Jonathan Margolis, chief scientific officer at JoynBio meanwhile told reporters that the company is attempting to augment and imitate a natural process called nitrogen fixation. Fixation is caused when legumes like soybeans naturally partner with bacteria in a symbiotic relationship: the legumes provide nutrients to bacteria, while bacteria takes nitrogen from the air and converts it into ammonia, which in turn helps crops grow.

While this process occurs naturally in legumes, like soybeans, peas, beans, or lentils, it doesn’t for other staple crops like corn, rice, or wheat. That’s where fertilizer comes in.

“What we’re trying to do is find microbes which will associate with the corn plant, and which naturally have that same biochemical capability, but where we want to dramatically improve the efficiency and the specificity,” Margolis said.

 

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The science behind engineering microbes isn’t entirely new – it was first achieved in the 1970s – but the idea of applying it at a wide scale in agriculture is newer.

Relying on biological processes eliminates the nitrous-oxide emissions that occur in synthetic fertilizer production, which have 300x the warming potential of carbon dioxide and accounted for 7% of all US GHG emissions in 2020, according to the EPA. It can also prevent nitrogen from leaching into and contaminating nearby water sources, a common side effect of using synthetic nitrogen fertilizers.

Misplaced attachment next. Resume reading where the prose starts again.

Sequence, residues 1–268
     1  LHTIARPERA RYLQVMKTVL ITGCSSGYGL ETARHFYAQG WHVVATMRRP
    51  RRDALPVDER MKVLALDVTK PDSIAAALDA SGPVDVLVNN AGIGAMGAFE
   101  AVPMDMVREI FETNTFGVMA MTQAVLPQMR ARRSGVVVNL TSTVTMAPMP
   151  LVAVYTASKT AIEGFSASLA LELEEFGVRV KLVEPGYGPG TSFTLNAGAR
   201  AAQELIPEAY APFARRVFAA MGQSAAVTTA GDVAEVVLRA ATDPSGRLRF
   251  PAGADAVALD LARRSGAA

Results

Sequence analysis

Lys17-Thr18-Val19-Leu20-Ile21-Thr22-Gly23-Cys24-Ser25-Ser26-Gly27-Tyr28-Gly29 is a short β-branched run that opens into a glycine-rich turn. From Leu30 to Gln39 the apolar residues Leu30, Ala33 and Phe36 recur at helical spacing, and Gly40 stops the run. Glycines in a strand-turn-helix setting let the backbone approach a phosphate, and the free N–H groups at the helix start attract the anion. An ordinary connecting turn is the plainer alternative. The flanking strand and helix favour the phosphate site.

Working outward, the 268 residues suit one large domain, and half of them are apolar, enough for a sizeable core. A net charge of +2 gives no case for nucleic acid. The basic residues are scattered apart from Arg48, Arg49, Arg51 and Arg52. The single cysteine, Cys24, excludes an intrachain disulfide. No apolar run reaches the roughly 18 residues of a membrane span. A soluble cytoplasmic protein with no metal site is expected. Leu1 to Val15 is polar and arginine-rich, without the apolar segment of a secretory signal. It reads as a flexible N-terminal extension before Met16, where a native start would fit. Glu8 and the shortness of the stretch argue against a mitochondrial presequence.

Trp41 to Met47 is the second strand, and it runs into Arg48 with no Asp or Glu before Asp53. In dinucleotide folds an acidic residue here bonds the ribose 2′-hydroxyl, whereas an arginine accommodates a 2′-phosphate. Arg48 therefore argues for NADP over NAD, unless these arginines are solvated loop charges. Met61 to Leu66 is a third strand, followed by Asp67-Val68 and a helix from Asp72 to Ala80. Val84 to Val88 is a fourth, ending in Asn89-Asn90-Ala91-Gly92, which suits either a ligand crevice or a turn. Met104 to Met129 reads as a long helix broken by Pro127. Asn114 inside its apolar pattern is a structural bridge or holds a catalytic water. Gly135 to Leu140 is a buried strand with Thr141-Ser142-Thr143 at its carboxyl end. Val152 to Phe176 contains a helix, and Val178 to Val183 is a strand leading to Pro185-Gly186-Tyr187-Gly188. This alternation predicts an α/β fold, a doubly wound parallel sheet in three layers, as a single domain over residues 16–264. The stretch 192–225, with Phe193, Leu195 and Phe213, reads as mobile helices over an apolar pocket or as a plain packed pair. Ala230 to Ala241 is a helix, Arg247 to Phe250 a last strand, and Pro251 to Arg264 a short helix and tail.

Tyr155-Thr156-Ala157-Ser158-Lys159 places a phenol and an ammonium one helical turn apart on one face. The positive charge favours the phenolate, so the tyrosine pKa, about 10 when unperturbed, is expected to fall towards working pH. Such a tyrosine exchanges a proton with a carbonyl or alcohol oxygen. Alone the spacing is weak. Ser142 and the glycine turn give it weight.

Pivot Bio, which raised $430 million in Series D funding in July 2021, engineers microbes in the soil to extract naturally occurring nitrogen in the atmosphere and convert it into ammonia, which cereal crops like corn use to grow faster. Pivot’s products are applied in the planting process and stay in the soil throughout the cycle of plant growth. The company works entirely within the existing DNA of a given microbe, rearranging it to optimize ammonia production, which fertilizes plants.

“The benefits of working within a strain is that we can take what’s best about that strain already…we can make our reprogramming changes to it and get it out and test it and find out if it does work better,” Ernie Sanders, VP of product development at Pivot Bio, told Emerging Tech Brew.

 

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In contrast, Joyn, which has raised $100 million as a joint venture between Ginkgo Bioworks and Leaps by Bayer, modifies and combines the DNA of different microbes to create new ones. It won’t have a product for several years, but Joyn Bio CEO Mike Millie said the company is targeting a 30% to 40% reduction in farmers’ reliance on synthetic nitrogen fertilizers.

Ultimately, although experts told us the potential and appetite for bio-based alternatives is there, it will take time to phase out synthetic fertilizers entirely.

“At some point, we’re going to be able to grow crops just using biological processes with engineered microbes,” said Vander Luis Novais Nunes, postdoctoral researcher at the University of Illinois at Urbana-Champaign. “I believe that one day we are going to get there, but I don’t know how far away we are from that point. I assume that it’s going to take quite a while.”